First Look: Canyon’s Revised Spectral Family Has a Wheel Size For Every Style

by | October 26, 2021

Trail riding is a vague classification, but the revised Canyon Spectral is now available in all three wheel combinations to suit all flavors; full 29″, dual 27.5″, or mixed, more causally known as a mullet setup. The 150 mm chassis sees a few kinematic and geometry revisions, but largely encompasses the aggressive trail market – “One family, any trail,” as Canyon states it.

The easiest way to explain the Spectral family is to forget about wheel size for moment and examine the pairing of parts with frame materials. Bear with me here…

Spectral Details

• Aluminum or Carbon frames
• Travel: 150 mm / 160 mm fork
• Dual 29″, Dual 27.5″, or mixed wheels
• 64-64.5 degree head angle
• 432 mm (27.5 and MX) / 437 mm (29) chainstays
• Size: 2XS (youth), XS (27.5 and MX), S, M, L, XL (29)
• Price: $2,299 – $7,499 USD

Not forgetting about the up and coming groms, the Spectral Young Hero checks out at $2,299. It has a unique frame shape for more standover and sits alone as a single built kit with a double extra-small alloy frame and 27.5″ wheels.

Next are the Spectral AL 5 and 6s built on an aluminum chassis and available in full 27.5″ or 29″ options. Jumping to the carbon bikes, you have the Spectral CF 7, 8, and 9 in both equal wheel sizes. The outliers are the Spectral CF 8 CLLCTV, the only bike with mixed wheels and a coil shock in the line up, and the light weight, premium build Spectral CFR with dual 29″ wheels.

Basically, if you want the party in the front, business in the back deal, there is only one build kit to chose from, leaving out a budget friendly aluminum option. The mixed wheeled Spectral actually uses a stock 27.5 rear triangle bolted to a 29 front triangle and all wheel sizes use the same rocker link. Canyon say they wanted to create a mullet trail bike with no compromises and for that reason, there is no flip-chip to preserve the geometry with a smaller rear wheel. Those frame pieces will not be available for purchase separately.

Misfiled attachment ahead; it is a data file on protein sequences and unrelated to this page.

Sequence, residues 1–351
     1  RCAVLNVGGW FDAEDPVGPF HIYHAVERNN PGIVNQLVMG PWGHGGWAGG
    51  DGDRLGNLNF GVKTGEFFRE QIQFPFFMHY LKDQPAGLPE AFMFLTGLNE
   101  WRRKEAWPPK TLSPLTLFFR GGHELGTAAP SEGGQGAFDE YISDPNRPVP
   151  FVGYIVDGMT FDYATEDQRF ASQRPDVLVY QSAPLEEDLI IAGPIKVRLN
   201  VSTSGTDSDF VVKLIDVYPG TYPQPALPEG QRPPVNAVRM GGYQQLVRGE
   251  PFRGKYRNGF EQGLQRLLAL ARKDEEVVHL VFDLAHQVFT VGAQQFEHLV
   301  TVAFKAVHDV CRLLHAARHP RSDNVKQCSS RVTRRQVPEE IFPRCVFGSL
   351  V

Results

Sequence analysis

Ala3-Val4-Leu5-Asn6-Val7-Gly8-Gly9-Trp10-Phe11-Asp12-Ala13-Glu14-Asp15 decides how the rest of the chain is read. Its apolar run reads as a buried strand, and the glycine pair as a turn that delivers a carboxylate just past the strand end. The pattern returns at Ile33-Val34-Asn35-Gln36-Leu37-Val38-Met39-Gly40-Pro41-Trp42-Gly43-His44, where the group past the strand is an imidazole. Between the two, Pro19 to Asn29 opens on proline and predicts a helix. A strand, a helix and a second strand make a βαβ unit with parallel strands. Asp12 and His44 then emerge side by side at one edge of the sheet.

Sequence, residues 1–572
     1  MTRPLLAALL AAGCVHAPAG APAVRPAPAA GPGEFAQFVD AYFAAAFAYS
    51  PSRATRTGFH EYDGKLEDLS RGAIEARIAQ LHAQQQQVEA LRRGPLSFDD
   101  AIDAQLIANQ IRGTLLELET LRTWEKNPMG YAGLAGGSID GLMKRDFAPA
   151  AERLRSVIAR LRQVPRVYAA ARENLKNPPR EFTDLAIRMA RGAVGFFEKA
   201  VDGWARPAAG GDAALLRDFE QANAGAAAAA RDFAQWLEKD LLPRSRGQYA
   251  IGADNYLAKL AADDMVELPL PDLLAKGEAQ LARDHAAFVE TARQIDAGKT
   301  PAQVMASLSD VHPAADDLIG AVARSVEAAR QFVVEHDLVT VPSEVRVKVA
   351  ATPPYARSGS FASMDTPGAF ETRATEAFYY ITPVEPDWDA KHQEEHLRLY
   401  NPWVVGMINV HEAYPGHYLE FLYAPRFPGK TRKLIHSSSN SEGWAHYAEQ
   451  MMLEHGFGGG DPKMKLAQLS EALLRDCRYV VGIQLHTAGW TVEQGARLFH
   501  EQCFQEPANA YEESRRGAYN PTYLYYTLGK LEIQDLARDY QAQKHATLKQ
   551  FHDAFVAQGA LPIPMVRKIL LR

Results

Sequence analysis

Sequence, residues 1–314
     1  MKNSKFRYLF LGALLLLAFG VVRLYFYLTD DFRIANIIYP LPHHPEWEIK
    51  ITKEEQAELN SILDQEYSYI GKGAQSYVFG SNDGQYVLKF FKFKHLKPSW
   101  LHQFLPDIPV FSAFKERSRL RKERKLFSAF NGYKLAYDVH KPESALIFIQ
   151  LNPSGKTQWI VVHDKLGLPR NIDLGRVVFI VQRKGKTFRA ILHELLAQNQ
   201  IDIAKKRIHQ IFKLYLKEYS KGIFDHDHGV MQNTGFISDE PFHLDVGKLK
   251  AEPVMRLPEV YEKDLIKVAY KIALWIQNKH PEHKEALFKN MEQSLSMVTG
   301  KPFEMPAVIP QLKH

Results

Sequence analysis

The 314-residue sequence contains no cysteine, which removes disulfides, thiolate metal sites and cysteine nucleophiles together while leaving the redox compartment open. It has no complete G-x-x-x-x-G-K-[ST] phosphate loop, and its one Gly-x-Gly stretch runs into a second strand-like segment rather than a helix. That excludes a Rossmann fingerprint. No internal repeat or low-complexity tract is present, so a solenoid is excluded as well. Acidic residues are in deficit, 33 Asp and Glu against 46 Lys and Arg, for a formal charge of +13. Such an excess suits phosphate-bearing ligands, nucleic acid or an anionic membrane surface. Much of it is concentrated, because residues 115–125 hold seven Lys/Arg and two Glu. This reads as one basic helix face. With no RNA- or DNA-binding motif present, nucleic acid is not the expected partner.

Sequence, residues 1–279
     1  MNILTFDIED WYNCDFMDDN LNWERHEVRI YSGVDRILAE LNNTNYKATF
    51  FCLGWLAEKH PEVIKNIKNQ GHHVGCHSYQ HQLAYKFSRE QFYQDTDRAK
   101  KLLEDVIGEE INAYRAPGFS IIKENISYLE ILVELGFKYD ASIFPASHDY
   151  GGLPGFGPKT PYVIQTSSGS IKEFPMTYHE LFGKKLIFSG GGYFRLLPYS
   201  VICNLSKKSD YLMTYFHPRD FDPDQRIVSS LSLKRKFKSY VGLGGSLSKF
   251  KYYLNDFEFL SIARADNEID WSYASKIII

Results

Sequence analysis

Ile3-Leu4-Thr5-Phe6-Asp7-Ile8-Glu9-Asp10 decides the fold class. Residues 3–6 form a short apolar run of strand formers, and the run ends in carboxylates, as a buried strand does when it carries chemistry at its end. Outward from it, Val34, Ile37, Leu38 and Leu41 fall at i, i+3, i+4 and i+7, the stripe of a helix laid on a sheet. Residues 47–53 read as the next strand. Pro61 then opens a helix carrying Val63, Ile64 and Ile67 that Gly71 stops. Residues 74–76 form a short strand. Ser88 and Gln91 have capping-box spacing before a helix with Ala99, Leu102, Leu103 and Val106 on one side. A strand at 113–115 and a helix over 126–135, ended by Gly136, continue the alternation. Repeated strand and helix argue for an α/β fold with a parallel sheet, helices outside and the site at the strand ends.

Frame Details

You’ll notice that the silhouettes don’t quite match up when comparing the two different frame materials. That’s because the aluminum frame has been optimized for simpler construction methods, dropping the weight below 3 kg and improving the stiffness. The goal was to make the alloy version just as desirable as the carbon.

To further increase longevity, all Spectrals use steel threaded inserts that are replaceable, should they become damaged. Out back you’ll find a handy “Quixle”; a lever that hides inside the axle, as well as the evermore common SRAM Universal Derailleur Hanger. Under the top tube are threaded inserts for a utility strap to carry a tube or small tool bag and below the shock yields enough room for a 600 mL water bottle, no matter the frame size.

The carbon 29″ bikes have a geometry adjustment at the seat stay via a flip-chip, altering the angles by half of a degree. Digging deeper into that ultra light 2300 g Spectral CFR frame reveals a decent weight saving of 300g over the standard carbon version. Canyon really let their engineers free with this one as the graphics even weigh 50g less.

Derived from their Sender downhill bike, Canyon tweaked the suspension to their Triple Phase kinematics, increasing the anti-squat and upping the progression, lowering the pedal kickback by a few percent in the meantime.


Most of the time, 27.5″ and 29″ have entirely different geometries, but all three of the Spectrals share a large number of angles, barring the head tube length and BB drop. Without killing the sporty intentions of the Spectral, the head tube rests at 64º with a 76º seat tube angle, which can be made half a degree steeper on the carbon frames.

What is not unusual is for brands to axe a size depending on the wheel diameter. You’ll find that the four sizes of 27.5″ and mixed wheeled bikes go from a 410 mm reach on the size extra small, up to 485 for a large, incrementally by 25 mm. On the 29er chart, the XS is dropped and an XL is added, topping out with a reach of 510 mm.

On the back half, bikes with 27.5″ rear wheels receive a 432 mm chainstay and the 29ers gain 5 mm. These numbers don’t change, regardless of size and there are no flip-chips at the dropouts.

Build Kits